The main comment that I have had during 2004 is that it has been pointed out to me that the use of plywood in repair of six-metres is actually not prohibited under the International Metre Class Rules and that plywood has been used since at least the 1920s. Furthermore, the restoration of old hulls by fastening one or more external skins is also actually legal. In fact only one boat is known to be substantially restored by the use of plywood and she is, currently anyway, only used as a cruiser.

Rescue of the Year
I am glad to say that FRA 75 (ex G 24 Avalun VIII; K 75 Joanna) has now reached Coggelin in the Gulf St. Tropez and Basil Carmody has begun her long term restoration. However, D 48 Hahahala is still lying unloved in Denmark and is going free to anyone who is prepared to restore her. Won’t someone rescue her.

The 2004/5 Rescue of the year is I 58 Bau-Bau, a very pretty 1938 boat by Baglietto, lying near Genoa. She requires a substantial restoration but is not as far gone as either Joanna or Hakahala. If anyone is interested in rescuing her, please get in contact with me.

Rest of World
There is exciting news of other major rebuilds around the world this year. Since it is the 75th Anniversary of Sparkman & Stephens, who were founded in 1929 when the 21 year old Olin Stephens went into partnership with a New York yacht broker named Drake Sparkman, it is only right to first of all mention two of his recently restored boats which have been very successful on the classic scene this year.

US 60 Nancy was designed by Olin Stephens in 1932 for the British-American Trophy at Cowes, England, in which she was top boat. She subsequently was sold to a Major A.A. Stuart Black in Scotland , being re-named Dragon. She was brought back to Cowes for 1938, by H.F. Edwards, where she came second overall in the season. She raced there until 1946,after which she went back to Scotland after being converted to a cruiser under the direction of Laurent Giles, who fitted a cabin and doghouse. For many years, she was maintained immaculately, on the Gareloch in Scotland, by Captain Mike Henry R.N., before coming back to Cowes and the Newport, Isle of Wight, Maritime Museum, where Bill Green, of Green Marine bought her in the spring of 2002. Beautifully restored by Green Marine she was very successful in the English racing scene in 2003 and 2004, before going to Porto Rotondo, where she won the European Classic Championship. However at St. Tropez, she was beaten by Doug Peterson, in Bob Kat II.

US 54 Bob Kat II. A 1931 S & S built for Bob Meyer, the American Team Captain for the 1932 British-American Trophy. Restored this year by Doug Peterson, she was second to Nancy at Porto Rotondo, but won the Six-Metres at Les Voiles de St. Tropez in October.

Three other S & S boats are known to be undergoing restoration:-

US 80 Djinn. A 1938 S & S and a near sister to Goose. Originally rescued in Argentina by Dr. Sagredo Cortes, where she has been since after the 1948 Olympics at Torquay, she was bought from him earlier this year by Henrik Andersin, current owner of May Be VI and she is now in Finland undergoing a superb restoration.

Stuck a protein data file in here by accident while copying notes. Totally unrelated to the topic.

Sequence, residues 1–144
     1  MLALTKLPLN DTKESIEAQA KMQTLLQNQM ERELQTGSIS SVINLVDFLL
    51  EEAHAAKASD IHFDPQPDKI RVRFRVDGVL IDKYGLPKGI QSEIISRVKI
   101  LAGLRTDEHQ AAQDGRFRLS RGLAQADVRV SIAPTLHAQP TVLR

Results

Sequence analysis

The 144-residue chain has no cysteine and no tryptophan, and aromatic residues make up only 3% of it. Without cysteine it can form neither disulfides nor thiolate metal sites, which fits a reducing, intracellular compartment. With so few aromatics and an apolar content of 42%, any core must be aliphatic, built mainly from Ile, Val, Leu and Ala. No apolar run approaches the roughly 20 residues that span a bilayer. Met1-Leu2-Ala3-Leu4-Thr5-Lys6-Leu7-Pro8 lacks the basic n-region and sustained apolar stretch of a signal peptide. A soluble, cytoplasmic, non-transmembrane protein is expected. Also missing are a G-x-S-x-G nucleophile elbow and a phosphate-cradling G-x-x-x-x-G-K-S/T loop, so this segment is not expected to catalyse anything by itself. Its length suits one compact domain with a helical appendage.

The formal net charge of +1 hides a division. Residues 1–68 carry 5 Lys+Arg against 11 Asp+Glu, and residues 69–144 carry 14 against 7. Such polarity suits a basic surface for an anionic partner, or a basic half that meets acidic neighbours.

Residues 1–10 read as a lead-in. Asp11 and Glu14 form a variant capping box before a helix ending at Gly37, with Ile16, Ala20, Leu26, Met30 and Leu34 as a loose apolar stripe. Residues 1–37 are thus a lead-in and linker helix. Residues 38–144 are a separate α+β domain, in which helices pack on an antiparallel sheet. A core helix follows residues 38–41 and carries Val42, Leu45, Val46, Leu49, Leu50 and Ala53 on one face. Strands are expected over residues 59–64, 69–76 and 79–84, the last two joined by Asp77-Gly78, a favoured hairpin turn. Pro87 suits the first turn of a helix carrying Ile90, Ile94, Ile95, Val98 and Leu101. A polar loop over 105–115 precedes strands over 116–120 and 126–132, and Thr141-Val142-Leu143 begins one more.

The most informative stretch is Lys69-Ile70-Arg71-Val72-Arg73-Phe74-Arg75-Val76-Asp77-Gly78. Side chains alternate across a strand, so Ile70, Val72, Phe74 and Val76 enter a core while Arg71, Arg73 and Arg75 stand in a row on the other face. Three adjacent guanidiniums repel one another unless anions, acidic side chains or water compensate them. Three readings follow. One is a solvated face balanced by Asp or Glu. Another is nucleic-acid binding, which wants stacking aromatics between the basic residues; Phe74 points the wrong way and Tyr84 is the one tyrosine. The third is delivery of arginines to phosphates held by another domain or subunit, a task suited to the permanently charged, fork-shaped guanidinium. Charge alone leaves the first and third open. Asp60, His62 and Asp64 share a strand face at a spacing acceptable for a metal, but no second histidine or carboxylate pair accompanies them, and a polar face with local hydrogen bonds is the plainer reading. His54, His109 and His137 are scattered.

I 64 Ciocca II. A 1948 S & S, which represented Italy in the 1948 and 1952 Olympic Games. Long owned by Signora Riccardi’s father, who raced her on Lake Garda, she was put into a boatyard some years ago to be restored, sometime after being fibreglass sheathed. After being taken to pieces, it appears that the boatyard found the work too difficult and beyond their experience. She lay there in a very sad state for some years before being located by Luigi Lang of AIVE, who told Tim Street about her. With some difficulty, her purchase was negotiated by him and she has been brought to England for re-building. It was only on inspection at the time of collection that it was discovered that she had been fibreglass sheathed. However she is now in Cornwall, while a decision is being made on her restoration. It is intended to bring her back to World Championship standard.

US 81 Goose. This very famous 1938 Olin Stephens design began as design number 243, one of the first boats to be tank tested and she was laid down in April 1938 for George Nichols, then Commodore of the NYYC. After a very successful career, winning the Gold Cup four years in succession, in 1957 she was bought by Herman Whiton, specifically to win and recover the Seawahnaka Trophy for the 5.5s. However, after purchase he decided that her hull was too tired and commissioned Luders Marine Construction to build a new hull and fit the existing gear, lead and rudder. After winning the Seawahnaka Tropy she went to the Great Lakes and, subsequently, she went to the St Francis Yacht Club for the first Australian-American Challenge Trophy. Sailed by a young Seattle crew, she beat the Australian boat, ToowoogoolooIV, the latest Olin Stephens design.

In 1971 she was considerably modified and fitted with a bustle and skeg, shortened and given a Luders type curved reverse transom, thereby disqualifying her as a classic. She was one of the boats rescued by Harry Hofmann and, earlier this year, Peter Hofmann decided to return her to her original design in every way, including putting her counter back on. Work is well underway in his shed and he hopes to have her ready to attend the Sandhamm World Championships next year. It seems that, once again, S & S will rule the Six-Metre waves, albeit in the classic fleet.